23. And can we all agree that Renesmee is the worst name in the world?

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To be fair if it were a boy, Bella was going to name it EJ (Edward Jacob)...so maybe Edward should've held the reigns on the baby names.

24. Why do these movies even exist?


I wish I didn't return to my middle school years and re-watch these movies.

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A Playlist From The iPod Of A Middle Schooler In 2007

I will always love you, Akon.

Something happened today that I never thought in a million years would happen. I opened up a drawer at my parents' house and I found my pink, 4th generation iPod Nano. I had not seen this thing since I graduated from the 8th grade, and the headphones have not left my ears since I pulled it out of that drawer. It's funny to me how music can take you back. You listen to a song and suddenly you're wearing a pair of gauchos, sitting on the bleachers in a gym somewhere, avoiding boys at all cost at your seventh grade dance. So if you were around in 2007 and feel like reminiscing, here is a playlist straight from the iPod of a middle schooler in 2007.

1. "Bad Day" — Daniel Powter

2. "Hips Don't Lie" — Shakira ft. Wyclef Jean

SEE ALSO: 23 Iconic Disney Channel Moments We Will Never Forget

3. "Unwritten" — Natasha Bedingfield

4. "Run It!" — Chris Brown

5. "Girlfriend" — Avril Lavigne

6. "Move Along" — All-American Rejects

7. "Fergalicious" — Fergie

8. "Every Time We Touch" — Cascada

9. "Ms. New Booty" — Bubba Sparxxx

10. "Chain Hang Low" — Jibbs

11. "Smack That" — Akon ft. Eminem

12. "Waiting on the World to Change" — John Mayer

13. "Stupid Girls" — Pink

14. "Irreplaceable" — Beyonce

15. "Umbrella" — Rihanna ft. Jay-Z

16. "Don't Matter" — Akon

17. "Party Like A Rockstar" — Shop Boyz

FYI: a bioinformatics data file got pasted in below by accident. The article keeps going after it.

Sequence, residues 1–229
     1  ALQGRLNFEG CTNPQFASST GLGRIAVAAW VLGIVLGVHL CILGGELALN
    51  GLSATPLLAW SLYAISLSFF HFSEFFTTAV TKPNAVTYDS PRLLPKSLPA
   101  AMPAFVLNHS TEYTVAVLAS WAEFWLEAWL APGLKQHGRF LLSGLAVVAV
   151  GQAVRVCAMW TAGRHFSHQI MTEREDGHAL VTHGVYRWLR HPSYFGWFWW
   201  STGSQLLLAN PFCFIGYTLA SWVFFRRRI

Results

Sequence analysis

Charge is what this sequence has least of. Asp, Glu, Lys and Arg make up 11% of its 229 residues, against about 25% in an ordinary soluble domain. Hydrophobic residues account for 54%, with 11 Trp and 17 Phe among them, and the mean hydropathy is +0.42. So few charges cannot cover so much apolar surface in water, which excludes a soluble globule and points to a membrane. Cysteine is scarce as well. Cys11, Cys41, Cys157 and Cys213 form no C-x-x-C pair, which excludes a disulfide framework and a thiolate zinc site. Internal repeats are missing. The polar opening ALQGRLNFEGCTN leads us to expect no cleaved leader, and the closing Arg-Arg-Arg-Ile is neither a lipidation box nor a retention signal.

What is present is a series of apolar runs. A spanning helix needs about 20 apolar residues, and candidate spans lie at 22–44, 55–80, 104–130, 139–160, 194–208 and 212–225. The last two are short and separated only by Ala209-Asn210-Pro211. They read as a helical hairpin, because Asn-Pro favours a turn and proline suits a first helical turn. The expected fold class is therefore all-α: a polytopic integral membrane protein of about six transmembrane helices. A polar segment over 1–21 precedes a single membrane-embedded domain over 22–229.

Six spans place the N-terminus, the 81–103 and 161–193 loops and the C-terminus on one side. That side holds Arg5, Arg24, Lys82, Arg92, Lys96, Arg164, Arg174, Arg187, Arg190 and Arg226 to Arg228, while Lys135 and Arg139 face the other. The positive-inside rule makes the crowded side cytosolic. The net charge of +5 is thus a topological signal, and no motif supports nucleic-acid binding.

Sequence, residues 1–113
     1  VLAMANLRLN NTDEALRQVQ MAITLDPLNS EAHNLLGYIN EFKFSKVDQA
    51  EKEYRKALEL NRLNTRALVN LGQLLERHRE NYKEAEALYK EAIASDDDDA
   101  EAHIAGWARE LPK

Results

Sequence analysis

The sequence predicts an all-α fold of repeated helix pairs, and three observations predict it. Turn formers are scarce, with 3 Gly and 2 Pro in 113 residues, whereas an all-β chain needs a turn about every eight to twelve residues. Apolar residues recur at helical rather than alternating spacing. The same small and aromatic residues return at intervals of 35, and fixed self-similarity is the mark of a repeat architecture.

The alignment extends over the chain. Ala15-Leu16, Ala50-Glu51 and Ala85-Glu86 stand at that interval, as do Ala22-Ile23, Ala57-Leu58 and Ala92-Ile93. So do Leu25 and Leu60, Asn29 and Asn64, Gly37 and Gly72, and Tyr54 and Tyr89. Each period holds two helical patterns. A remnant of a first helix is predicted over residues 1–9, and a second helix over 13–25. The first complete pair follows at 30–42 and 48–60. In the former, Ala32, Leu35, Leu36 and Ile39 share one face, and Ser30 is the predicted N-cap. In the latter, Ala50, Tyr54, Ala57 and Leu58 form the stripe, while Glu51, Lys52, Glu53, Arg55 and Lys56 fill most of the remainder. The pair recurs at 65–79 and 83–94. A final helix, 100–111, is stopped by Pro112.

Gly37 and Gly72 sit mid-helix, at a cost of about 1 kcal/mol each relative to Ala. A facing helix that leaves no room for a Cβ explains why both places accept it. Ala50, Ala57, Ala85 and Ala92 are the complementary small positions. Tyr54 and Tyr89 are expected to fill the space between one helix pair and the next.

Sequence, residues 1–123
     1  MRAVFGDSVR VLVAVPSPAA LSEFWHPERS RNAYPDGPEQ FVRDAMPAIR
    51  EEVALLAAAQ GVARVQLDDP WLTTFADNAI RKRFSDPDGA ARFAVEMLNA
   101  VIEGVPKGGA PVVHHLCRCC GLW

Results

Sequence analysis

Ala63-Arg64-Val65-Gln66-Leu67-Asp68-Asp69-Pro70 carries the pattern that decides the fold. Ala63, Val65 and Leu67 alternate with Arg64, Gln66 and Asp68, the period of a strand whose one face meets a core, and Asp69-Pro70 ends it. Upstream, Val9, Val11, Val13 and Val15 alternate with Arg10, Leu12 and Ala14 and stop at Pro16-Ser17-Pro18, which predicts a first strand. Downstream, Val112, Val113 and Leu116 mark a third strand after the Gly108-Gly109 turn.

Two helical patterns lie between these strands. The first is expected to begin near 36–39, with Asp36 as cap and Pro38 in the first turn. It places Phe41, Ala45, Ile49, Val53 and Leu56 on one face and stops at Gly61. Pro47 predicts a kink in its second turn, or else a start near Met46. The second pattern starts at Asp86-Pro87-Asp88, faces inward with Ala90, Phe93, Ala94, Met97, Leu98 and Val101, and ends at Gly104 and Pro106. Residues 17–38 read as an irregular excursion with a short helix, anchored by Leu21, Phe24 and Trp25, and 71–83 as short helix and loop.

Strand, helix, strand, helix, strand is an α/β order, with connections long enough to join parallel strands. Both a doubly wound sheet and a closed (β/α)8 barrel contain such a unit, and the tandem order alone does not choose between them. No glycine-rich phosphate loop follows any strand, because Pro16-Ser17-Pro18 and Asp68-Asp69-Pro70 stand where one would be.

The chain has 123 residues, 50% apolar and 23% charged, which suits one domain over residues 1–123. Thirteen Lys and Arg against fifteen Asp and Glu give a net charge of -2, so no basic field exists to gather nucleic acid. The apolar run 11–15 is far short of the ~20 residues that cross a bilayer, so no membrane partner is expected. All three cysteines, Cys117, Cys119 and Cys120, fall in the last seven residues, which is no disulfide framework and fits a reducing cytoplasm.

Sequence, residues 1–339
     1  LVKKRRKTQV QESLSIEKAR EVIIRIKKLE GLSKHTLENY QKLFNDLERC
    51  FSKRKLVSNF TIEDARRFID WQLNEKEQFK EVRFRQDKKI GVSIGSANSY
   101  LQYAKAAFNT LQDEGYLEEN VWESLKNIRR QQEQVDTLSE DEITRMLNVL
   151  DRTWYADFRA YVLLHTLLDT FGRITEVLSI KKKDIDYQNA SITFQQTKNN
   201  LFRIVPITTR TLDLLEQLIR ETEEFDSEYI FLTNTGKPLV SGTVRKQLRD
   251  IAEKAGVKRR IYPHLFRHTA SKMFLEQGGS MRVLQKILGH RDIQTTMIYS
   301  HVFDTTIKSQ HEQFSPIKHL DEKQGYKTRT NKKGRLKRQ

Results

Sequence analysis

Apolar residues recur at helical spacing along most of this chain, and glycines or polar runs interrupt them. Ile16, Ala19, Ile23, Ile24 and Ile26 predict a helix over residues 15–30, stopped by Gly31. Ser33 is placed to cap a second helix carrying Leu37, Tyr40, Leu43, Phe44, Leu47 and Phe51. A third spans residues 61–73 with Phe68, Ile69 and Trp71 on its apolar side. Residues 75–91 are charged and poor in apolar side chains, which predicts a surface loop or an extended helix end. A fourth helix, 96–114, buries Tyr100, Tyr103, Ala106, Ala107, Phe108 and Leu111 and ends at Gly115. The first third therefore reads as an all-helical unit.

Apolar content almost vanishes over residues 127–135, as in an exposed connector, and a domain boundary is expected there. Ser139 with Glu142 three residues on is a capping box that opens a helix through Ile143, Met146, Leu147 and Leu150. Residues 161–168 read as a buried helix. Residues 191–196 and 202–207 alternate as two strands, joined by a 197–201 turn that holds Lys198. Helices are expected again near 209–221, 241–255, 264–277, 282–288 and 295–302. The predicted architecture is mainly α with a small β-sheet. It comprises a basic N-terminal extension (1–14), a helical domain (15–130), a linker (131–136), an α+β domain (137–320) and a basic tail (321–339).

18. "This Is Why I'm Hot" — Mims

19. "Beautiful Girls" — Sean Kingston

20. "Bartender" — T-Pain

21. "Pop, Lock and Drop It" — Huey

22. "Wait For You" — Elliot Yamin

23. "Lips Of An Angel" — Hinder

24. "Face Down" — Red Jumpsuit Apparatus

25. "Chasing Cars" — Snow Patrol

26. "No One" — Alicia Keys

27. "Cyclone" — Baby Bash ft. T-Pain

28. "Crank That" — Soulja Boy

29. "Kiss Kiss" — Chris Brown

SEE ALSO: 20 Of The Best 2000's Tunes We Still Know Every Word To

30. "Lip Gloss" — Lil' Mama

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My AP Environmental Science Class' Cookie Mining Experiment Shows Why Capitalism Is Destroying The Planet

Who cares about the environment with profits this high?


With the AP exams in May approaching quickly, my AP Environmental Science class has wasted no time in jumping right into labs. To demonstrate the damage to the environment done by strip mining, we were instructed to remove the chocolate chips from cookies.

The experiment in itself was rather simple. We profited from fully or partially extracted chips ($8 for a full piece and $4 for a partial) and lost from buying tools, using time and area and incurring fines.

This might seem simplistic, but it showcased the nature of disastrous fossil fuel companies.

We were fined a $1 per minute we spent mining. It cost $4 per tool we bought (either tweezers or paper clips) and 50 cents for every square centimeter of cookie we mined.